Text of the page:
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Unformatted text preview: Physics 237 – Final Exam Review – SOLUTIONS Disclaimer: I have not seen the final exam and will not be participating in its construction. Therefore, these practice problems may not represent the actual final exam. If you don’t want to use any or some of these questions for study, that is your decision to make. Furthermore, I may not have time to write solutions. You are highly encouraged to study in groups so that you may discuss all topics thoroughly. 1. Relations a. Einstein said that E = h " and p = h " . Is this energy the kinetic, potential, rest, or what? These equations apply to photons. The rest mass of a photon is zero. The ‘free’ photon always moves at the speed of light. So these Einstein relations apply to a free photon (no potential) where the kinetic energy IS the energy of the photon. The description of light in/near material is a complicated business. Read a verbal description at the “Photon” wikipedia article, subsection: “Photons in Matter”. Note that you should be able to derive the momentum relation from the energy relation using E photon =pc. b. What did de Broglie say? Is his ‘E’ the kinetic, potential, rest, or what? de Broglie states that the same relations apply to particles. Let me first point out that for a free particle in QM we use H=p 2 /2m, i.e. only the kinetic energy is what gives wave solutions . So the de Broglie relations apply to the kinetic energy of a free particle. However, special relativity is taken into account in the actual expressions for p and E in that you must use the relativistic momentum and relativistic kinetic energy. See the wikipedia article, “de Broglie hypothesis”. (If you would like to learn more about incorporating the rest mass energy into the SWE, try reading the wikipedia article “Dirac equation”.) c. Describe the energy of a planet at rest and the energy of a planet in motion. Pretend the planet is a single particle called ‘planetonium’. Planetonium at rest does not have a de Broglie wavelength because it has zero kinetic energy and zero momentum. But planentonium in motion does have a de Broglie wavelength. For planetonium of mass 6x10 24 kg, R=6x10 6 m, linear velocity v l =3x10 4 m/s, and rotational velocity v r =5x10 2 m/s. The kinetic energy comes from linear motion and rotation. Since v<<c for both velocities, nonrelativistic dynamics is valid. The rotational kinetic energy is (1/2)I ω 2 = (1/2)(2/5)Mv 2 = (1/5)Mv r 2 =3x10 29 J. The linear kinetic energy is (1/2)Mv l 2 = 3x10 33 J. Since the rotational kinetic energy is 104 times the size of the linear kinetic energy, we can ignore it. Therefore, ν =3x10 33 /6x1034 =5x10 66 Hz. That’s a pretty large frequency. Meanwhile, the de Broglie wavelength of planetonium is given by l=h/p=h/[Mv]=3x1063 m. That is a pretty small wavelength. But that’s what you get with planetonium....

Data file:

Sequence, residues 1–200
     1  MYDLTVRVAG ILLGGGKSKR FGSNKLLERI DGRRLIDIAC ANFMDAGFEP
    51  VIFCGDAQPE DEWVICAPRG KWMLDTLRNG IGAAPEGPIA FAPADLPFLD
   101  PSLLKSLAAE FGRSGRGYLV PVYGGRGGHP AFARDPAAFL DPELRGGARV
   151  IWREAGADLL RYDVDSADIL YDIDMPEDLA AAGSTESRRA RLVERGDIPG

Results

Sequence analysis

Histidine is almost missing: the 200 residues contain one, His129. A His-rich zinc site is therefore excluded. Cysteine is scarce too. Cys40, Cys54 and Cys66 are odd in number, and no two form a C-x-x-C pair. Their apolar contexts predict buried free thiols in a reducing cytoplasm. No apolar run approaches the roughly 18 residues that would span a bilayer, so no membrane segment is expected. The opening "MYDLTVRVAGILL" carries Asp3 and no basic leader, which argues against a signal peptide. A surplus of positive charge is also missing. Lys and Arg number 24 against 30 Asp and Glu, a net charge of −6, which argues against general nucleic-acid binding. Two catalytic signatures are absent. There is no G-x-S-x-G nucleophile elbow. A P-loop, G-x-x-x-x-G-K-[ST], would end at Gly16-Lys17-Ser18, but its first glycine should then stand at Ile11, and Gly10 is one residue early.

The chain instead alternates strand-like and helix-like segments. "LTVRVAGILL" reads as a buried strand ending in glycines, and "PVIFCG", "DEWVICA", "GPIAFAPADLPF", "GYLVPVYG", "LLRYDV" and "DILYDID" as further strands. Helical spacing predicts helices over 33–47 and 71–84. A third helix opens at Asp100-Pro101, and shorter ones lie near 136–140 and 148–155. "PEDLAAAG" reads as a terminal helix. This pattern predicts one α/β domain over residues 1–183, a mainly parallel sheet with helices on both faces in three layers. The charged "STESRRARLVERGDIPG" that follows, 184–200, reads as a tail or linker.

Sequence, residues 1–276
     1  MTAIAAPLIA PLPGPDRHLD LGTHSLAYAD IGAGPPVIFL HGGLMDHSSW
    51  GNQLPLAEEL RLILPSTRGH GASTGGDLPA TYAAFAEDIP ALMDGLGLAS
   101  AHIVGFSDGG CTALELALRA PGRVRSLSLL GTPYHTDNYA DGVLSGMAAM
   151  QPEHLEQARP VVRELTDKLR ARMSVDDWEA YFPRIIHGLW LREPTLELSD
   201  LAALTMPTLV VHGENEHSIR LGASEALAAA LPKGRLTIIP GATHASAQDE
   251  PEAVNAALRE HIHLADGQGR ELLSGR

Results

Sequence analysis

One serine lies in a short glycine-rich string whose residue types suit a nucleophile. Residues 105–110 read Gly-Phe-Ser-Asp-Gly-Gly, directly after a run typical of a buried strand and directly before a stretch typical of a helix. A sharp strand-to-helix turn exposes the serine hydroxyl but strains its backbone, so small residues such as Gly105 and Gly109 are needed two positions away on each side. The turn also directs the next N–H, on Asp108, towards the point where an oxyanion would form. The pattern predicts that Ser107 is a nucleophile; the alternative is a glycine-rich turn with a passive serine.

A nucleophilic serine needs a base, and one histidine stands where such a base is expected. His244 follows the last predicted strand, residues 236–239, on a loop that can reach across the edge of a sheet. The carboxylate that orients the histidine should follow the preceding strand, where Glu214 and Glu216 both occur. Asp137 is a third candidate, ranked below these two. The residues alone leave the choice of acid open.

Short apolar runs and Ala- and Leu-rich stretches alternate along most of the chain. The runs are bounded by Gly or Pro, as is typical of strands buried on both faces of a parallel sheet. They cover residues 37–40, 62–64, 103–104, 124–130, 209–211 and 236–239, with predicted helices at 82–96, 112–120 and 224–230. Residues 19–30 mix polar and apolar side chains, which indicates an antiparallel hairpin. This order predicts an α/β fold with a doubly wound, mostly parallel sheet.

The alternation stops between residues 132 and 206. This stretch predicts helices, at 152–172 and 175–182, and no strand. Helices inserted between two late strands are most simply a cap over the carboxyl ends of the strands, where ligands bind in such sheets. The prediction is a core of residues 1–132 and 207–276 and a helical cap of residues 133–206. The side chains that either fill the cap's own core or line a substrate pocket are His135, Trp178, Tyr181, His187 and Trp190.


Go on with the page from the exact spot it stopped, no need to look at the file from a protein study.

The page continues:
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This document was uploaded on 09/10/2009.
 Spring '09
 Physics

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